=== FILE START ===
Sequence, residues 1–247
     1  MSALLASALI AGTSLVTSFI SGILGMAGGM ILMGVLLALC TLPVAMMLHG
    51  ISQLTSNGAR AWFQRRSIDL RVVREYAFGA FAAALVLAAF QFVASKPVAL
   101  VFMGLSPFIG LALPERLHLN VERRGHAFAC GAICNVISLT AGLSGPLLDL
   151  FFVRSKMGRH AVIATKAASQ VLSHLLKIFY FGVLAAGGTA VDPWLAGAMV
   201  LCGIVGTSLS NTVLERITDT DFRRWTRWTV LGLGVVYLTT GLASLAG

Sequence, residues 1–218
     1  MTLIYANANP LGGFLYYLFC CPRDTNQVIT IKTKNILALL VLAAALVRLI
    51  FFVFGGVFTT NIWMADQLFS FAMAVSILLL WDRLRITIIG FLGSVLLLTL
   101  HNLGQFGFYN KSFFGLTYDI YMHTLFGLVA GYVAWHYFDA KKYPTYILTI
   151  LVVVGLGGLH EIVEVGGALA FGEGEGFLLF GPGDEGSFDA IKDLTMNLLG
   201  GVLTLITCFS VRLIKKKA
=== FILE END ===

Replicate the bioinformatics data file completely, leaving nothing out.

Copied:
Sequence, residues 1–247
     1  MSALLASALI AGTSLVTSFI SGILGMAGGM ILMGVLLALC TLPVAMMLHG
    51  ISQLTSNGAR AWFQRRSIDL RVVREYAFGA FAAALVLAAF QFVASKPVAL
   101  VFMGLSPFIG LALPERLHLN VERRGHAFAC GAICNVISLT AGLSGPLLDL
   151  FFVRSKMGRH AVIATKAASQ VLSHLLKIFY FGVLAAGGTA VDPWLAGAMV
   201  LCGIVGTSLS NTVLERITDT DFRRWTRWTV LGLGVVYLTT GLASLAG

Sequence, residues 1–218
     1  MTLIYANANP LGGFLYYLFC CPRDTNQVIT IKTKNILALL VLAAALVRLI
    51  FFVFGGVFTT NIWMADQLFS FAMAVSILLL WDRLRITIIG FLGSVLLLTL
   101  HNLGQFGFYN KSFFGLTYDI YMHTLFGLVA GYVAWHYFDA KKYPTYILTI
   151  LVVVGLGGLH EIVEVGGALA FGEGEGFLLF GPGDEGSFDA IKDLTMNLLG
   201  GVLTLITCFS VRLIKKKA